22nd July 06:05
FAQ: ASAD Trolls--how they do it
LITTLE-KNOWN TROLLISH SECRETS
Many newsgroups like alt.support.attn-deficit become infested with a
particularly bothersome human-like creature that has come to be called the
While there are numerous sub-species of Troll, they all share the same root
characteristics and behavior traits. The nearly-canonical New Hacker's
Dictionary defines a Troll as follows:
Troll - /v.,n./
To utter a posting on Usenet designed to attract
predictable responses or flames. Derives from the
phrase "trolling for newbies" which in turn comes
from mainstream "trolling," a style of fishing in
which one trails bait through a likely spot hoping
for a bite.
The Troll FAQ (yes, there is such a do***ent!) expands upon this
In Usenet usage, a "troll" is not a grumpy monster that
lives beneath a bridge accosting passers-by, but rather a
provocative posting to a newsgroup intended to produce a
large volume of frivolous responses.
The content of a "troll" posting generally falls into
several areas. It may consist of an apparently foolish
contradiction of common knowledge, a deliberately offensive
insult to the readers of a newsgroup, or a broad request
for trivial follow-up postings.
"Trolling" is a recreational activity, done primarily for the amu*****t of the
Troll. He (or she) receives the payoff for the posting when a thread of
(hopefully) outraged responses arises from the initial post.
The most effective response to an annoying troll is no response at all; with no
one striking the "bait," the Troll is apt to leave in search of a more
Unfortunately, Trolls occasionally post articles that *demand* a
response. Statements that malign another user or impugn his character, for
example, should not be allowed to stand unchallenged. Statements that are
overtly untrue or that convey patently false information should also be
Many proficient Trolls use DejaNews to scan for certain character
strings. When they find one or more of these attractive words, they may lurk in
the newsgroup for a time, often waiting for a posting from a particularly
vulnerable member. Finding their prey, they attack, frequently relying on a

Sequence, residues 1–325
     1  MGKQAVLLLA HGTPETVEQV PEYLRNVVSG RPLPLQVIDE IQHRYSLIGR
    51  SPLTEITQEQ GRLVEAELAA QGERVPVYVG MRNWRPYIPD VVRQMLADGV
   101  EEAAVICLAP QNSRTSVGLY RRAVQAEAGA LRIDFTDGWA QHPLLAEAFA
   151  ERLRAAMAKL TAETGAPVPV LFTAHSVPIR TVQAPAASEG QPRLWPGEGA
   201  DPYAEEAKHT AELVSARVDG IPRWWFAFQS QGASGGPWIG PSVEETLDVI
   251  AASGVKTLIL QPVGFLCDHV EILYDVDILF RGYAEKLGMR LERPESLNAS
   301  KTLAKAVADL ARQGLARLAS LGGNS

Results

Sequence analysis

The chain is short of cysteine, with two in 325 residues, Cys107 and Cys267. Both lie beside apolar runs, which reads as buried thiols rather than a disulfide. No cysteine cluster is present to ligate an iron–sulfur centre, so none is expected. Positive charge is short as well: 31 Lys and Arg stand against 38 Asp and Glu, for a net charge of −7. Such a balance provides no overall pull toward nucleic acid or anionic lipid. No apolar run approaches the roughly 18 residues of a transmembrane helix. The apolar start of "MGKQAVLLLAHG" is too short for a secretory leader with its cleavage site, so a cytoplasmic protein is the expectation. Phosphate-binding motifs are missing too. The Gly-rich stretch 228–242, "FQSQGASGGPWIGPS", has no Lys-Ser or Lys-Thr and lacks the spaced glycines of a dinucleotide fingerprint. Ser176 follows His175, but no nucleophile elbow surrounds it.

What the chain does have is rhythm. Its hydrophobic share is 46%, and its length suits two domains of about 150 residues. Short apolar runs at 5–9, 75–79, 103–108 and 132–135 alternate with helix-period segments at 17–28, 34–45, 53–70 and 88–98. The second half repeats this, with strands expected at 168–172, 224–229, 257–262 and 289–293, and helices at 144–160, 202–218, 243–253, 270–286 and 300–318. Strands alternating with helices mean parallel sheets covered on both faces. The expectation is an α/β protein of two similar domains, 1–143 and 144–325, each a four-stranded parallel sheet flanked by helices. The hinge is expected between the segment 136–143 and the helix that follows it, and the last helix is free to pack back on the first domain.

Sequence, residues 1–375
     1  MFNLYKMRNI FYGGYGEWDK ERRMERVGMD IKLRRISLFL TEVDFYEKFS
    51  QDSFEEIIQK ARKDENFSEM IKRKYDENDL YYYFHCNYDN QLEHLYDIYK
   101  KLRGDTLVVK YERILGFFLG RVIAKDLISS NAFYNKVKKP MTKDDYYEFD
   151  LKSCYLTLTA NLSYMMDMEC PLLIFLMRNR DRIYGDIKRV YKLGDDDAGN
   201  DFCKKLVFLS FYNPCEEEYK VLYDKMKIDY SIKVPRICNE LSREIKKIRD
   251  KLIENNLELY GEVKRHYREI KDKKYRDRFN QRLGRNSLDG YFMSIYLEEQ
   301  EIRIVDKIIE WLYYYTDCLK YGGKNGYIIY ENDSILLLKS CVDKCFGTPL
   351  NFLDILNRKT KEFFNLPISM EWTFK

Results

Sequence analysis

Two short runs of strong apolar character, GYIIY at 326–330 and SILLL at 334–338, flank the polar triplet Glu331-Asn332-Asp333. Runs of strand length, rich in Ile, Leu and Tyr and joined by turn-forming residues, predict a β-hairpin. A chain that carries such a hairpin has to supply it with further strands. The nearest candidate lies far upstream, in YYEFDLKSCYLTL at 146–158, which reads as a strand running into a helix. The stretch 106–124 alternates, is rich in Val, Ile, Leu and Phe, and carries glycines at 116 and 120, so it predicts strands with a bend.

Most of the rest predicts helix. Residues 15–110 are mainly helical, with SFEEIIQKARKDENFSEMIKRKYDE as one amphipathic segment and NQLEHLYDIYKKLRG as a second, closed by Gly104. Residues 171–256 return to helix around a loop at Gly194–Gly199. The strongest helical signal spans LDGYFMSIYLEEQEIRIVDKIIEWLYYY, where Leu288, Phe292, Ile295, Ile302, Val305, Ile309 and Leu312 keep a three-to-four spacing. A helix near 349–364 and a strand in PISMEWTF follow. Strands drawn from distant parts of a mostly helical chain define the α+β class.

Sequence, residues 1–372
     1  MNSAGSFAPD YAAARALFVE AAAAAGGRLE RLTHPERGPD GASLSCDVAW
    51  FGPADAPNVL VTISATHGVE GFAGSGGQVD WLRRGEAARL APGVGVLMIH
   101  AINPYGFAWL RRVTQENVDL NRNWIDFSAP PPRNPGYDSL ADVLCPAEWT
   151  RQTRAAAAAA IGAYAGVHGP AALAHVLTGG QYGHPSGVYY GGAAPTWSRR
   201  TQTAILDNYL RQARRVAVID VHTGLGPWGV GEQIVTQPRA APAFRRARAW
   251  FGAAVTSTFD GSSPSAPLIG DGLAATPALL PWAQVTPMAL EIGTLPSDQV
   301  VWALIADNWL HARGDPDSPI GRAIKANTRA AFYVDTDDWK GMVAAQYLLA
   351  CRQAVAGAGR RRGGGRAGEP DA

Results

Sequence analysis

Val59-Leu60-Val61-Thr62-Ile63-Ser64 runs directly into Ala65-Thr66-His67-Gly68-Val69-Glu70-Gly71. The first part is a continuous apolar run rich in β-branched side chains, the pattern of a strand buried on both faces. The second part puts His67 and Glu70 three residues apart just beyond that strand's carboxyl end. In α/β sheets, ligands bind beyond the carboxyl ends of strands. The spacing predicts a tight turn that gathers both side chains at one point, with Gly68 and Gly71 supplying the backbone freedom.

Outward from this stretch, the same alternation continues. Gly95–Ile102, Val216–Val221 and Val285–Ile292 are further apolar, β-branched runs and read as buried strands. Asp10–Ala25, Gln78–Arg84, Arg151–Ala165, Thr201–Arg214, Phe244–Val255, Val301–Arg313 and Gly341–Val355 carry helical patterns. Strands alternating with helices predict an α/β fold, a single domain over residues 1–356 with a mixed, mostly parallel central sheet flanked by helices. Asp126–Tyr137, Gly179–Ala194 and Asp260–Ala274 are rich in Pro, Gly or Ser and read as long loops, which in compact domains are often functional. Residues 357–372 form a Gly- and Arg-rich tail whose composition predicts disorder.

cowardly blind-side approach.
Once the Troll has made his attack, he may never post again to that thread; his
"reward" comes from watching the continuation of the thread that he started.
There are some simple solutions to dealing with the more persistent Trolls.
First, wherever possible, avoid responding to the Troll's "bait." He is not
looking for conversation, nor does he have a point to make. He is looking to
amuse himself at someone else's expense.
If a Troll's post absolutely *demands* a response, avoid mentioning the Troll by
name; many Trolls will scan DejaNews for occurrences of their name. It is quite
permissible to refer to the Troll by other than his (or her) posted name or
Many Trolls use an identifiable style of writing; some may insert an unusual
character into the Subject: header (the double slash "//" has appeared
frequently). This identifies a thread as "his" to the Troll, no matter how long
The obvious (and simplest) solution to this last Trollish technique is simply to
edit the Subject: header to remove the TrollMark. Most news readers in use today
allow this to be done quite simply.
Usenet has always been a place to exchange ideas freely; the infamous Buxom
Vixen Vamp of the Internet has referred to it as "the world's longest ongoing
block party." That freedom of expression, however, brings with it all sorts of
pests and vermin like the Trolls. Handling them effectively should be as much a
part of every user's toolbox as his news reader.
(c)1997, Joe Parsons. Permission is hereby granted to reproduce this article by
any mechanical or electronic means, provided that it is reproduced in its
entirety, and with no additions or alterations whatsoever.